A consortium, including Shell, Total, two Chinese firms, and Brazil's state-run petroleum company Petrobras, won the right to develop an offshore field that could hold up to 12 billion barrels, Brazil's government said Monday.
It was the first auction held under a new legal framework meant to give Petrobras and Brazil more control over its finds in recent years, oil buried deep under water and a formidable layer of salt, reserves that could hold 100 billion barrels.
The decision managed to discourage both critics, who say the rules will scare off potential investors, as well as leftist protesters who tried to stop the sale.
About 300 demonstrators calling for nationalisation of Brazil's oil industry clashed with police outside the hotel where the bidding took place before the auction Monday, with security officials firing tear gas and rubber bullets.
Pro-business critics contend that the law, which mandates that Petrobras be the sole operator of the finds and maintain a minimum 30 per cent stake in oil blocks, will scare off big private firms.
They also say it will slow investment in and development of the oil - as much as 100 billion barrels of it - that Brazil is counting on to catapult the country to developed-nation status and fund ambitious education and health programmes.
Government officials are already locked in arguments about how to share royalties that haven't surfaced, and the Navy is buying submarines to protect the fields.
There were only 11 participants in the auction and the winning bid by the consortium was the only one made, according to the government.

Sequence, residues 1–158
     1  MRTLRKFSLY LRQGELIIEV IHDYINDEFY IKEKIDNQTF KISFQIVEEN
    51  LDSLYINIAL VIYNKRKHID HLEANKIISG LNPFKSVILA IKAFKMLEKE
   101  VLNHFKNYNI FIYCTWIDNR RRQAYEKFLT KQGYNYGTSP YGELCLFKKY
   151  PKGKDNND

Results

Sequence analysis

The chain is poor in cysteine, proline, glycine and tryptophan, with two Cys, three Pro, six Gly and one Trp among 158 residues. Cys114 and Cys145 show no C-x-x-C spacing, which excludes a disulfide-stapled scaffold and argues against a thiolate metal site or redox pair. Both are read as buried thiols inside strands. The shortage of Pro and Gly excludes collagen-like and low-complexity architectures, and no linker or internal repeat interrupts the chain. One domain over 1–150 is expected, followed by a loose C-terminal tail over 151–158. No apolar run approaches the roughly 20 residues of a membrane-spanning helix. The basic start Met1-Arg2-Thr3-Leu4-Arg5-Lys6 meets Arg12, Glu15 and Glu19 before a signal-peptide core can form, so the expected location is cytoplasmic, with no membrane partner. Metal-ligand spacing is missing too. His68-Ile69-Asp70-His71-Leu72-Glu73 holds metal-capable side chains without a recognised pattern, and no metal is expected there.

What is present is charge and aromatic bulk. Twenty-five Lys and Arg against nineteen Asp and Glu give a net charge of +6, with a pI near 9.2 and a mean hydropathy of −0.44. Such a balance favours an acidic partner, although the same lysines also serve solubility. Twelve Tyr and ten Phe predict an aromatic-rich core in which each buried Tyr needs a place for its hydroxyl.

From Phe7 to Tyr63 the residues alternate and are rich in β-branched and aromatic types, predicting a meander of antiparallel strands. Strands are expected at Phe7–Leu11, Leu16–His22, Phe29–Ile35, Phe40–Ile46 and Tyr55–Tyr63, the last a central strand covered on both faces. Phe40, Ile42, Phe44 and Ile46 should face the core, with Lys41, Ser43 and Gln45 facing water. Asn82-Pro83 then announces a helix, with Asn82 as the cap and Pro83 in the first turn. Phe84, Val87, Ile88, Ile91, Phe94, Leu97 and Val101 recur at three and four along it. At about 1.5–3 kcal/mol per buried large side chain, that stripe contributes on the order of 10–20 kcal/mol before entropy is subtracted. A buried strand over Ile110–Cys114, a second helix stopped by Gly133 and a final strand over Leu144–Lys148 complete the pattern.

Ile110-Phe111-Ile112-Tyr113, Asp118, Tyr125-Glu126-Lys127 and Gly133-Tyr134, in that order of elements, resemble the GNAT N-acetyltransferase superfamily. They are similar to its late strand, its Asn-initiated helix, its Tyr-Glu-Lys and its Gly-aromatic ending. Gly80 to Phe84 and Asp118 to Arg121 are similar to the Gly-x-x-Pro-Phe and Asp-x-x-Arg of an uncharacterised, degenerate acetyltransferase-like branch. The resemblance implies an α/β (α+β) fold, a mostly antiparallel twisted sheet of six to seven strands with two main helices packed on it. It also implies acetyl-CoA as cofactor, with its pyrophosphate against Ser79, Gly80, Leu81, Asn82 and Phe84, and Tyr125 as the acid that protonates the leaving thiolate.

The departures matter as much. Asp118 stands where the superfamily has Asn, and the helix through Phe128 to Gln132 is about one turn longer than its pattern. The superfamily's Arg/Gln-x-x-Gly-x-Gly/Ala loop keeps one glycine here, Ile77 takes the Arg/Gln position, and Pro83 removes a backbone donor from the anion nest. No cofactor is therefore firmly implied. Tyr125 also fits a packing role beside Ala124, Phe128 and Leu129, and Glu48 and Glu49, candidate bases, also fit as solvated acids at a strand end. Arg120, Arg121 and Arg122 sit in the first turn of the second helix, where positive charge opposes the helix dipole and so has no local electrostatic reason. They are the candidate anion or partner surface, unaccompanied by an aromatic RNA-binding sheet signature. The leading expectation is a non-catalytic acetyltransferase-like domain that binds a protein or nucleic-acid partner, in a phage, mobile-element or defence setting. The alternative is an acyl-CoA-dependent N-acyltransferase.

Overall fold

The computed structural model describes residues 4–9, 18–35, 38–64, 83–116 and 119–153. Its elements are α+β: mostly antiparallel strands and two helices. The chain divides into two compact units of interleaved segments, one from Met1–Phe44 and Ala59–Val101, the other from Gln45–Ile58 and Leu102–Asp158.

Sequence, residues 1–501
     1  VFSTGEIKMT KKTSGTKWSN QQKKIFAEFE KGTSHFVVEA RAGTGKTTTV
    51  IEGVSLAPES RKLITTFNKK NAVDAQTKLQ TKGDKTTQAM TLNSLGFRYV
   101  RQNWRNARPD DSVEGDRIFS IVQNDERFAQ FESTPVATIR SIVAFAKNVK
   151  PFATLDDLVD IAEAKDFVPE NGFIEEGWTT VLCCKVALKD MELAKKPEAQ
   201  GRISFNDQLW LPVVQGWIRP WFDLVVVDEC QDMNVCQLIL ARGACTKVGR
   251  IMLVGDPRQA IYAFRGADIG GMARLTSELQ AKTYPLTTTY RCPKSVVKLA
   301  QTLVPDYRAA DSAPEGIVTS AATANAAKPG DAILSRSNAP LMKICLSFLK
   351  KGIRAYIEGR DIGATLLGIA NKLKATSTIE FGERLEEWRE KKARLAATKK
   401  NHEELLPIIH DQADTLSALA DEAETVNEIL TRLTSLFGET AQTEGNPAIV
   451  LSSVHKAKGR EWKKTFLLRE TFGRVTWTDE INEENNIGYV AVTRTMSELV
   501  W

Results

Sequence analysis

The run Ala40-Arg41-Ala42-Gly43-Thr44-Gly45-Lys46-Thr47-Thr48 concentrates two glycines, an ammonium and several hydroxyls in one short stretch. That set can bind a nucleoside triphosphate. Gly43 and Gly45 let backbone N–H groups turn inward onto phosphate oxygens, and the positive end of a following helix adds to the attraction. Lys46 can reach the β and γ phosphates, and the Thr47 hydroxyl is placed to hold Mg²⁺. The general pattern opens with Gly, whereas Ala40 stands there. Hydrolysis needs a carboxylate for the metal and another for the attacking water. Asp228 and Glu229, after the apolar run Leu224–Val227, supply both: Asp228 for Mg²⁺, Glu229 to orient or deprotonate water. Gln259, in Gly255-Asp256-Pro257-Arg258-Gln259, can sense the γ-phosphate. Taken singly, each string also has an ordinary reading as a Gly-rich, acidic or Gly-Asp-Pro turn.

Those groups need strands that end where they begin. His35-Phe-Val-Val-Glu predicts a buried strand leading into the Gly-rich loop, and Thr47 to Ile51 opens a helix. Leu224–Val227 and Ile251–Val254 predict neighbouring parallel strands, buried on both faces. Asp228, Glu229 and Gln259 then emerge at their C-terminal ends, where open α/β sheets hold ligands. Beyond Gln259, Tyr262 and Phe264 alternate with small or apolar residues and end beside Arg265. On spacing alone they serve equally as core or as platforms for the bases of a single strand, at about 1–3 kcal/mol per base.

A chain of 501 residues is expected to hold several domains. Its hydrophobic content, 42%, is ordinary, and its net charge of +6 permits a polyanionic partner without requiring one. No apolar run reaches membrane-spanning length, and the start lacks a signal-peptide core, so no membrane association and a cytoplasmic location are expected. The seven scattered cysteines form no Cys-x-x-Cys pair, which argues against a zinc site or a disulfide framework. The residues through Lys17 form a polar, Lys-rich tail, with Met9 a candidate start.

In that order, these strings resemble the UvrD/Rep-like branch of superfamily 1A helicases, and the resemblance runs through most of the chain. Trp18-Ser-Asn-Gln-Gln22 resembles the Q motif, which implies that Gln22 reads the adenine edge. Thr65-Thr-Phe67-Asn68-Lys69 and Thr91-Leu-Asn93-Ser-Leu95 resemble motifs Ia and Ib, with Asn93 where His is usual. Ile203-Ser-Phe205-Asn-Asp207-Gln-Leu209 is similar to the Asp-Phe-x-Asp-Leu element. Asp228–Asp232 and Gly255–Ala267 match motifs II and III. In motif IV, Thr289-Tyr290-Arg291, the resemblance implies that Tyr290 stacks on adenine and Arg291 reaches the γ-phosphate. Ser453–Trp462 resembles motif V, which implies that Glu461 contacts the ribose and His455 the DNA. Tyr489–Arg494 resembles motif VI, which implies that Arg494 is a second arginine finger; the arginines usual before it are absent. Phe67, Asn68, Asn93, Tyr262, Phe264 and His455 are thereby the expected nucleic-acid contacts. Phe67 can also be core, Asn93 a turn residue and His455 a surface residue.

Petrobras holds a 40 per cent stake in the consortium. Shell and Total each account for 20 per cent and Chinese firms CNOOC and CNPC have 10 per cent each.
Adriano Pires, one of Brazil's top energy analysts, called the new rules "very interventionist" and said the auction was a disappointment even before it began because of the lack of interest. He chalked that up to the new rules that will make production expensive.
"We are talking about non-conventional oil located 6,000 to 7,000 metres deep," he said.
"The US$500 billion that will have to be invested over the next 12 to 15 years made companies conclude that the rate of return made participating in the auction unattractive."
The technological hurdles to reaching the riches are intensely challenging, even for Petrobras, considered a world leader in offshore development.
The deep-water reservoirs lie some 185 miles (300 kilometres) offshore in the Atlantic, more than a mile below the ocean's surface and under another 2.5 miles (4 kms) of earth and corrosive salt.
The salt beds can break loose and shear off piping, making it among the toughest substances to drill.
With a slowing economy and delays in producing that offshore oil, some say the Brazilian government will loosen rules to make them more business-friendly during the next auction in two to three years.
"Allowing international oil companies to develop the pre-salt side by side with Petrobras would kill two birds with one stone," Eurasia Group wrote in a research note.
"It would lead to a quicker pace of production in the pre-salt with more investments, and provide needed relief to Petrobras."
It added that "it isn't lost on government officials that the shale gas and tight oil technological revolution in North America has reduced Brazil's leverage to attract capital."